If you have ever wanted a melon bowl by Helen Shupla, here is your opportunity to get a melon bowl by her protege, Alton Komalestewa. Helen, 1928-1985, a member of the Santa Clara Pueblo, married a Hopi, Kenneth Shupla. She spent a lot of time on the Hopi reservation, and this was her introduction to the great characteristics of Hopi clay. Using this experience, she was able to perfect a new technique for making melon bowls. Instead of carving the segments, she utilized the great plasticity of the Hopi clay and pushed out the sections from the inside of the bowl. This is a technique that requires great patience, keeping the clay wet and plastic, without getting it too wet and creating a slumped section. Or, pushing the clay too far and producing a nonrepairable hole in the side of the piece. After applying the slip, she polished each piece with an ultra smooth polishing stone. Alton became her son-in-law, and Helen took him under her wing, teaching him all she knew about making fine pottery. Today, Alton is an exceptionally fine potter, in his own right. Here is an example of his work, a melon bowl made using the same techniques as taught to him by his mother-in-law. (We realize that Alton is Hopi, but his style is after his Santa Clara grandmother, so please forgive us.)
Size: 5 1/4" high by 8 3/4" diameter.
Price: $2500 SOLD.
Andrew and Judith Harvier
Andrew and Judith Harvier live in the Santa Clara Pueblo. As a team, they sign their work Nana Kaa, which translates as "Aspen Leaves" in their native Tewa Indian language. Raised in pottery making families, Andrew and Judith each have come to work with clay at an early age. For nearly 20 years, they have pushed to perfect this own artistic skills. When they "became one," the team began to make their innovative style of classic Santa Clara pottery, under the Nana Kaa mark. They use only traditional, classic methods to make their outstanding pottery.
Item# P666 -Andrew and Judith Harvier, Santa Clara.
Andrew and Judith have used classic Native symbols to style this outstanding piece of their pottery, the sun and the moon and the stars that regulate their Pueblo lives. They have divided the symbols on this polychrome jar into quarter segments. Seen on the left, is the sun segment, followed by the moon segment. And between the sun and the moon segments are the evening stars and the morning stars, right. The Pueblo clay has been mixed with a micaceous clay to accent this piece.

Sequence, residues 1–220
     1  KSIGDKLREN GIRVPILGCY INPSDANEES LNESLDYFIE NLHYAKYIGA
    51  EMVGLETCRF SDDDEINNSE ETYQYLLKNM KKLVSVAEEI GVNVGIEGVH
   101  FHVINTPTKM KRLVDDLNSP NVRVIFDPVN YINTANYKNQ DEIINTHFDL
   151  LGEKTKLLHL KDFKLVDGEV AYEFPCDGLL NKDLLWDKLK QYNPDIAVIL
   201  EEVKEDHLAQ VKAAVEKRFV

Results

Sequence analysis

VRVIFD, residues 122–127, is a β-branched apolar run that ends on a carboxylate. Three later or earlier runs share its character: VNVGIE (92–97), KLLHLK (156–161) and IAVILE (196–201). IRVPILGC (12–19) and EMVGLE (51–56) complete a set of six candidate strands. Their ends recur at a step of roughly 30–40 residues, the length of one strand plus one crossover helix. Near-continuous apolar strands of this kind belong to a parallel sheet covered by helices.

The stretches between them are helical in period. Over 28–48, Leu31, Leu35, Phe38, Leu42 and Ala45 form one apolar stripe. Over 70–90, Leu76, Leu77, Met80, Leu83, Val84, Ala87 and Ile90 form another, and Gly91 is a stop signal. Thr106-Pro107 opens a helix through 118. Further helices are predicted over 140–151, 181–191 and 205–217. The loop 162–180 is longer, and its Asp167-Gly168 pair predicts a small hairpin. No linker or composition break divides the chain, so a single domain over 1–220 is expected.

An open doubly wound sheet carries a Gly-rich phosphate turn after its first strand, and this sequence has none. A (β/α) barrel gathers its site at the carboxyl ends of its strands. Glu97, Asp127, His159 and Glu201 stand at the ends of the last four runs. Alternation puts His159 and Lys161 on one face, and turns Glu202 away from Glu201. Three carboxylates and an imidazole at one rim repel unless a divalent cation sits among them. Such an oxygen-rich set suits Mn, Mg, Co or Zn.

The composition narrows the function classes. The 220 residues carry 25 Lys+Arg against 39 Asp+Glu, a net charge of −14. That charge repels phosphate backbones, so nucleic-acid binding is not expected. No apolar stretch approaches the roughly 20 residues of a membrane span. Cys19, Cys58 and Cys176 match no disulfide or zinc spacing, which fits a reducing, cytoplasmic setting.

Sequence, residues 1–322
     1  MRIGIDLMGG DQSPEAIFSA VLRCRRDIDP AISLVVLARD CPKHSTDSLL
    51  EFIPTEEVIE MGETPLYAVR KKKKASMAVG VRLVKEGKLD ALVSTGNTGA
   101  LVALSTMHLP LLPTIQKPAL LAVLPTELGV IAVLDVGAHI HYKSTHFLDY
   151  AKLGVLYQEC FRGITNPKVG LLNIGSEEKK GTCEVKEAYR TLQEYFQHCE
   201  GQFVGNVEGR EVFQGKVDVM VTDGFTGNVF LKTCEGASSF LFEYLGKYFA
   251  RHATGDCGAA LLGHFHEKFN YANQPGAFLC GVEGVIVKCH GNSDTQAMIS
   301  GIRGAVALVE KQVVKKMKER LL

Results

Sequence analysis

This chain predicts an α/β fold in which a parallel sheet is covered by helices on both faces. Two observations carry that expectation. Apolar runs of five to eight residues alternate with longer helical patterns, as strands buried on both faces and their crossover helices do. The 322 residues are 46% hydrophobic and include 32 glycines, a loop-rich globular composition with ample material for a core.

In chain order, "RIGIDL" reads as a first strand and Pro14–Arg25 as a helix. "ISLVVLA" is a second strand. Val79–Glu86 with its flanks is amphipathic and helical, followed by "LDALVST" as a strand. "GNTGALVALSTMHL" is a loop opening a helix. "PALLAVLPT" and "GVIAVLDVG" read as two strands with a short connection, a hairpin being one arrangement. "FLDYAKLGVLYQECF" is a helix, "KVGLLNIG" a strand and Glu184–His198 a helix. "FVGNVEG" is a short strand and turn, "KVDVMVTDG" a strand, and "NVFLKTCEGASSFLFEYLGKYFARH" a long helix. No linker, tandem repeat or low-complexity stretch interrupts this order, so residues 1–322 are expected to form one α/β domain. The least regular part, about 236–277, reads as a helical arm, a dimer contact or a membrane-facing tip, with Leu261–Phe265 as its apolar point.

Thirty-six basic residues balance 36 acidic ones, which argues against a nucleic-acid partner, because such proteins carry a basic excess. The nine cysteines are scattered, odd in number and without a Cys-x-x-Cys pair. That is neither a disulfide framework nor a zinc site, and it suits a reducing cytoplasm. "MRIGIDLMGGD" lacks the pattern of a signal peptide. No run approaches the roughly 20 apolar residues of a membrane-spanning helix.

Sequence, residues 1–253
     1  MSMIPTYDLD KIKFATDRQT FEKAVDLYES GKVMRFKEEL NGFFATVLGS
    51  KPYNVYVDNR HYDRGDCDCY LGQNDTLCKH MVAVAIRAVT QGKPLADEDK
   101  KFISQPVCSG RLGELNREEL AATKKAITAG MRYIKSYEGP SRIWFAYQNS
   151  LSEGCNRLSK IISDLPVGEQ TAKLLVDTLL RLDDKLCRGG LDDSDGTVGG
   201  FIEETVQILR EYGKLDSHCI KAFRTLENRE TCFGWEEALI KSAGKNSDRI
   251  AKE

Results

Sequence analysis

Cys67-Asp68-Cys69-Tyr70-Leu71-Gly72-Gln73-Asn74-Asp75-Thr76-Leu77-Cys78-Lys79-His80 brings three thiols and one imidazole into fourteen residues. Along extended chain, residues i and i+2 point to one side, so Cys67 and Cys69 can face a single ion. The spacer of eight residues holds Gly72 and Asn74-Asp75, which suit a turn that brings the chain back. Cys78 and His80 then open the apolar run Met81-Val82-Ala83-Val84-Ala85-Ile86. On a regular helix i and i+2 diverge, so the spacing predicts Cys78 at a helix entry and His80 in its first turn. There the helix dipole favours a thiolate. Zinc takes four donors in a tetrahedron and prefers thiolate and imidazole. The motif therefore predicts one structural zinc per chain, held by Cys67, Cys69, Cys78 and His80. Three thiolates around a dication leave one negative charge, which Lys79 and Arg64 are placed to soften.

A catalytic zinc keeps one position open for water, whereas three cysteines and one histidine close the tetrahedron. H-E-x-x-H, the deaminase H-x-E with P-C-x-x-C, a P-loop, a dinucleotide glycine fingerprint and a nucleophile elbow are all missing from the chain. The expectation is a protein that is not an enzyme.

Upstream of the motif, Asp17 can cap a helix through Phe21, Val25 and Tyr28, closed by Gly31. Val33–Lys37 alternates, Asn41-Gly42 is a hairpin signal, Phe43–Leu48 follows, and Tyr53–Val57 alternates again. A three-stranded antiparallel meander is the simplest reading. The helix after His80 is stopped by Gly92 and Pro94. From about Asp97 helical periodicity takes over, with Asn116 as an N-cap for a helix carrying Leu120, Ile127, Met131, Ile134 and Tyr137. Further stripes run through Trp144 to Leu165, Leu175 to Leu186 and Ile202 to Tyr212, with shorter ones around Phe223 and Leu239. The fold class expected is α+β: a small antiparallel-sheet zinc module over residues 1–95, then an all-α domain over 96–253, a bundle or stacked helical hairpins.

Size: 5 1/2 high by 8 3/4" diameter.
Item# P667 -Andrew and Judith Harvier, Santa Clara.
Andrew and Judith have used a combination of clays in coiling and forming this polychrome jar. The classic Santa Clara clay has been used for the red features on the rim and base of this piece. In between, they have used a special, local micaceous clay to form the classic eagle feathers design around the circumference. On the lower red band, they have engraved a spider, their symbol of industry and creative powers.
Size: 6 1/4" high by 7" diameter.
Price: $670 SOLD.
Item# P259 Emily Tafoya, Santa Clara.
The wife of the late Ray Tafoya, Emily is continuing on in the couple's sgraffito of making miniatures. Here, she has carved the mythical flute player, Kokopelli. On the back side of this piece, she has carved a coyote, howling.
Size: 2 1/8" high by 1 1/2" diameter.
Price: $330 SOLD.
The grand dame of Santa Clara potters is the late Margaret Tafoya, then 95 year old. Well known Tafoya potters include her daughter, Toni Roller and her sons, Cliff and Jeff. Another noted daughter of Margaret's is Mela Youngblood, now deceased, and her son and daughter, Nathan and Nancy Youngblood. A brother of Margaret, Camilio Tafoya's two children, Grace Medicine Flower and Joseph Lonewolf, have used sgraffito designs for innovative departures from classic Santa Clara styles. Another well-known daughter of Margaret's is Virginia Ebelacker.
The Suazo family has two outstanding, contemporary potters, Anita Suazo and Ron Suazo. When Anita was a small child, she began learning the Santa Clara potting techniques from her mother, Belen Tapia, a noted potter, herself. Anita works with the clasic Santa Clara carved designs, in black and red. From another branch of the family, Ron Suazo is noted for his matte finish pottery that may include a combination of both carving and incising on the pots and lids.
The Chavarria Family includes potters like Reycita Naranjo and Mary Singer.
The Gutierrez Family matriarch was Severa Tafoya, with other important members being brother and sister Margaret and Luther Gutierrez, Angela Baca, Tina, Greg and Virginia Garcia, and Paul Speckled Rock.
Other noted potters include Belen Tapia, Helen Shupla, Anita Suazo, Mary Cain and her grand-daughter, Tammy Garcia.
- Recommended reading - Check Amazon.com. They stock most of these titles.
- Margaret Tafoya, A Tewa Potter's Heritage and Legacy by Mary Ellen and Lawrence Blair, Schiffer Publishing, Ltd., $55.00 (cloth);
- Southwestern Pottery, Anasazi to Zuni by Allan Hayes and John Blom, Northland Publishing, $21.95 (paper);
- Fourteen Families in Pueblo Pottery, by Rick Dillingham, University of New Mexico Press, $37.50 (paper);
- Hopi Pottery Symbols by Alex Patterson, Johnson Books, $17.95 (paper);
- Nampeyo and her Legacy by Barbara Kramer, University of New Mexico Press, $39.95 (cloth);
- Talking with the Clay, by Stephen Trimble, $15.95 (paper);
- Pueblo Storyteller by Barbara A. Babcock, $25.95 (paper);
- Generations In Clay, by Alfred E. Dittert, Jr., and Fred Plog, Northland Press;
- Living Tradition of Maria Martinezby Susan Peterson, $45.00 (paper)